Nigel Dando was in the newsroom of the local Bristol newspaper where he worked, when he got a call about his younger sister, Jill, from a colleague in the national press. “He said, had I heard Jill had been involved in an accident in London?” he recalls. “I said no. I rang her phone and couldn’t get any reply. Then the colleague called me back and said, ‘have you spoken to Jill? Because I think it’s more serious.’ Panic bells started to ring.”
There had been no accident; the truth was far more shocking.
On April 26 1999, Jill Dando, the popular BBC television presenter, had been shot dead on her doorstep in Fulham, at the age of 37. The television screens in Nigel’s office soon started broadcasting the story. “There was a newsflash saying Jill had been stabbed to death. Then all hell broke loose,” he says. “My main thought was to get to Weston-super-Mare to see my dad and make sure he was ok.”
The murder (wrongly reported as a stabbing at first), horrified not only friends, family and colleagues, but also a public that had taken Jill into their hearts. Described as the “golden girl” of television, she had presented the Six O’Clock News, Breakfast News, Crimewatch and Holiday, winning over audiences with her down to earth charm.
“It’s a trite expression, but the ‘girl next door’ was probably a label you could attach to her,” says Nigel, now 67. “What you saw was what you got. The camera loved her and she had a natural ability to do whatever was asked of her. It was a job she loved.”
Tonight, almost two decades after her murder, a new BBC One documentary, The Murder of Jill Dando, revisits a crime that shook the nation, and which to this day remains unsolved. It retells the story of how a local man named Barry George was initially convicted of the killing, only to be acquitted at a retrial seven years later. The now retired Detective Chief Inspector Hamish Campbell, who was in charge of the investigation, tells the programme he does not believe anyone new will ever be brought to justice. Nigel is inclined to agree.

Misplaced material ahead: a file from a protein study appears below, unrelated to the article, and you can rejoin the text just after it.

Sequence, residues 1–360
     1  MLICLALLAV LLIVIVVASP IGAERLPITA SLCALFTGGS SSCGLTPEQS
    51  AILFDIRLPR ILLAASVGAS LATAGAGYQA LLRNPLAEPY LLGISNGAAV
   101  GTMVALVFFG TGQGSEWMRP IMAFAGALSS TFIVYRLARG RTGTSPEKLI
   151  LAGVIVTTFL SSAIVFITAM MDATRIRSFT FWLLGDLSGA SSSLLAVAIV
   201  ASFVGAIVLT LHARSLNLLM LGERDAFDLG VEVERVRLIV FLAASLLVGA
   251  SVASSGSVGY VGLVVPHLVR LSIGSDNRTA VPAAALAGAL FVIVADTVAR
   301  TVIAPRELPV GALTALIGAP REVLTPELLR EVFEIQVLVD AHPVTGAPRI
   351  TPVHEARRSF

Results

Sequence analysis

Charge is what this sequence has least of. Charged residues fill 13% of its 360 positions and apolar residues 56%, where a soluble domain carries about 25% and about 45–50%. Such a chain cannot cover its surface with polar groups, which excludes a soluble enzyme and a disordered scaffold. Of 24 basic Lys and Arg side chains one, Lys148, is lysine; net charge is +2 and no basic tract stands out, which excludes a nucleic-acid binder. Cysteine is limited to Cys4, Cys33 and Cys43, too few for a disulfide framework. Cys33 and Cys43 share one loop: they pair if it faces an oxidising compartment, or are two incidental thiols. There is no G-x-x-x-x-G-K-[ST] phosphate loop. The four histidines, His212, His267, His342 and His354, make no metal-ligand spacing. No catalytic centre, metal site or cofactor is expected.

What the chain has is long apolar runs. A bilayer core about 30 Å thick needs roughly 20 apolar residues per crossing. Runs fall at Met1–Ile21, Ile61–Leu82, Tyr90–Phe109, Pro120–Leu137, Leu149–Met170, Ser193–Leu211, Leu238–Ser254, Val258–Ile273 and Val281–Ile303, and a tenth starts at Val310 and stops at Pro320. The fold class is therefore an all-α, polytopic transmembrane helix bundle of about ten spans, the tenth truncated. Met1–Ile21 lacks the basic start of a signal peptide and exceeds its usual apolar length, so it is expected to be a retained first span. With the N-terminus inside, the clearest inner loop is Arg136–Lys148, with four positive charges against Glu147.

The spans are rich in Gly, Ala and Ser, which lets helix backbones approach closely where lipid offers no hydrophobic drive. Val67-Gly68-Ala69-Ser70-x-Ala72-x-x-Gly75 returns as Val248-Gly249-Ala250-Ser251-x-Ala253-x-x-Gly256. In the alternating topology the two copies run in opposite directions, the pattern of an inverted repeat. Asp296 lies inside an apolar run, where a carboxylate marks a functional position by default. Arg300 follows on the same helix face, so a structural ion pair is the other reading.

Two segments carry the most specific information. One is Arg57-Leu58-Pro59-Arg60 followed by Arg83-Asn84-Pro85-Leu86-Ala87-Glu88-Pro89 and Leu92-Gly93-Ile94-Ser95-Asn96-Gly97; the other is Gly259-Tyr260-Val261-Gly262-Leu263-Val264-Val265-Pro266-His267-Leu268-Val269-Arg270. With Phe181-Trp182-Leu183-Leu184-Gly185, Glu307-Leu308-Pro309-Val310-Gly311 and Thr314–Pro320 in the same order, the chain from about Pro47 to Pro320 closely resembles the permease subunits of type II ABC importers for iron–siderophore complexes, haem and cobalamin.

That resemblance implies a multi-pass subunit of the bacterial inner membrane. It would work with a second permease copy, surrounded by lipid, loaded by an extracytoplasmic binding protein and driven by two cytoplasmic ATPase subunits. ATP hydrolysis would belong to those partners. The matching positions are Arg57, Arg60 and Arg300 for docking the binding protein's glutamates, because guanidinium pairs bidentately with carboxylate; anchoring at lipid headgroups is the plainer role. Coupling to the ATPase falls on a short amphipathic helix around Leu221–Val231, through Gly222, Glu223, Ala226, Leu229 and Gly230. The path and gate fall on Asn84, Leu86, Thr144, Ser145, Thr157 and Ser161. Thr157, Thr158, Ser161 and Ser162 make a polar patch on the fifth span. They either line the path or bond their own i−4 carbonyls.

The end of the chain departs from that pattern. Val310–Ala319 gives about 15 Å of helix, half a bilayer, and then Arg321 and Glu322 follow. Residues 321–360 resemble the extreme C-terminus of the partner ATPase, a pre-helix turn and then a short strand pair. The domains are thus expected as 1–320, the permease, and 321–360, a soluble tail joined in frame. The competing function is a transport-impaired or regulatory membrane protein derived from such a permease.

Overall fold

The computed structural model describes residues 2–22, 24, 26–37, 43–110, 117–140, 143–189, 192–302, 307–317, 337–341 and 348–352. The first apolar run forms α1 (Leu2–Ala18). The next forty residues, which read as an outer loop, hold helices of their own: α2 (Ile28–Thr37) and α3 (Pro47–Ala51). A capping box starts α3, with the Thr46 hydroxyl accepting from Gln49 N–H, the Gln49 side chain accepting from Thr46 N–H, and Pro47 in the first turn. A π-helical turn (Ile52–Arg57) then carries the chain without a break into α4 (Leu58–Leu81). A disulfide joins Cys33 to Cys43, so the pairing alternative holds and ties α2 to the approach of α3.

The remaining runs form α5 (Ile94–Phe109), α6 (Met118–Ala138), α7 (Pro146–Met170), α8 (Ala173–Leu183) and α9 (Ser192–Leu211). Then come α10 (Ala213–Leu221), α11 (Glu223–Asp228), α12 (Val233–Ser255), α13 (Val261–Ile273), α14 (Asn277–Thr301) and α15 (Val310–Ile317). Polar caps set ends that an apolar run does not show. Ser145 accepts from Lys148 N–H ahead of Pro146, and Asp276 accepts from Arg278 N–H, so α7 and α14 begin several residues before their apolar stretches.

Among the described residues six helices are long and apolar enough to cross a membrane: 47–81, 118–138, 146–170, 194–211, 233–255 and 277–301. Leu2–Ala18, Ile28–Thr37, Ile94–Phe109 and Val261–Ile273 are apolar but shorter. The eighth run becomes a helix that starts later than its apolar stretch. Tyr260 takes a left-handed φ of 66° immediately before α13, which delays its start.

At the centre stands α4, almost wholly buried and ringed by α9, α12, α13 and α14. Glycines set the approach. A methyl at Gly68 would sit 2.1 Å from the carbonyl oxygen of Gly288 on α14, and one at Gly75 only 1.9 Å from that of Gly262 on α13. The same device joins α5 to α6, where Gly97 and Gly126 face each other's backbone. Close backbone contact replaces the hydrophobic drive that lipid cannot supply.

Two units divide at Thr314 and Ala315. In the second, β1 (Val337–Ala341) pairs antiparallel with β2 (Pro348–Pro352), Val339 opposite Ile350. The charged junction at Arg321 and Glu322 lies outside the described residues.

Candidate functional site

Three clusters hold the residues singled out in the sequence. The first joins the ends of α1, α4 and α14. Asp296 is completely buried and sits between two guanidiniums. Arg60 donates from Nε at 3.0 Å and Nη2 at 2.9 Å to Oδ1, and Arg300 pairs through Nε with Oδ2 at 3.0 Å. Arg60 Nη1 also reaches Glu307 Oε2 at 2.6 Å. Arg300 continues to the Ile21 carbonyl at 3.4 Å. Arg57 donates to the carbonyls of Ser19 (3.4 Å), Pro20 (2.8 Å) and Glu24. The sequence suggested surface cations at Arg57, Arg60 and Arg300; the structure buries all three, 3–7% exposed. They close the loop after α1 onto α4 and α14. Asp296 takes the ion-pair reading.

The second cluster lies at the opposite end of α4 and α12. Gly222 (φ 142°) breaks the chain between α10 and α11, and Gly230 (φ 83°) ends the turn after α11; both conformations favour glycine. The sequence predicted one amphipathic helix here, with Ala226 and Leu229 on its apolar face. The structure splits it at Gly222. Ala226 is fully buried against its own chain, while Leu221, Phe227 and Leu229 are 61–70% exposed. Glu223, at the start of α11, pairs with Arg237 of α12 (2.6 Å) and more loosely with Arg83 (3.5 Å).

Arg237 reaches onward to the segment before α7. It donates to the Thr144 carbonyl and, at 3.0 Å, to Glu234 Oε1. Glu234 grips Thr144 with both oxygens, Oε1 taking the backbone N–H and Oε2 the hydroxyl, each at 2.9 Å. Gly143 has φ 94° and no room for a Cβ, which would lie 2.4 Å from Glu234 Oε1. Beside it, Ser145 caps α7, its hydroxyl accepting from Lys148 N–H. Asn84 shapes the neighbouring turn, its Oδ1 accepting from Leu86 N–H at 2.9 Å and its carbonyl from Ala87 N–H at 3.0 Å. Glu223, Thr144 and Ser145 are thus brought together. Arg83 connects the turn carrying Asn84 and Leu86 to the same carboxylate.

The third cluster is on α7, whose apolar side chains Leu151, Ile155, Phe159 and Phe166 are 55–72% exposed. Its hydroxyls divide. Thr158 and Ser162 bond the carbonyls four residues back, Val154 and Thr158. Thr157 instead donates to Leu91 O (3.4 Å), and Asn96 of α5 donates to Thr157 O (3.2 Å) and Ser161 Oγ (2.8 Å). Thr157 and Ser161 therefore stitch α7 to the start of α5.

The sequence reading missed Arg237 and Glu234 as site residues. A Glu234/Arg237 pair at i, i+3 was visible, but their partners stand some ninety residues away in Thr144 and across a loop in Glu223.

“I’m not optimistic anyone else will ever appear in the dock now, charged with Jill’s murder,” he says. “It is disappointing but... I don’t blame the police at all, when you see the maze of material they had to deal with and the decisions they had to take.”
A number of different theories as to who murdered Jill, and why, have been considered - one of which centres around a professional hit. But Nigel is sceptical.
“I think it was someone who was on the street at that time, who knew where Jill lived and struck lucky on the morning in question,” he says. “A professional hit just doesn’t seem likely. It was in broad daylight, a bullet casing was left in place and there were so many opportunities for whoever did it to be seen and caught. I just think it was one of those random things. I would just like to ask that person ‘why did you do it?’ There was no obvious motive.”
There was, however, opportunity. When Jill first moved to the capital, she lived in Southfields - close to the All England Lawn Tennis Club - with her cousin Judith Dando, with whom she shared a sisterly bond. But when she bought her own home in Fulham, Judith had reservations.
“She would be living on her own and I said, ‘wouldn’t you be better off with a serviced apartment, where you have a level of security?’ I also thought driving around in a soft top car [wasn’t a great idea],” she says.
Like many women in the public eye, Jill had a number of admirers. Did the level of attention she received ever cause her to become paranoid?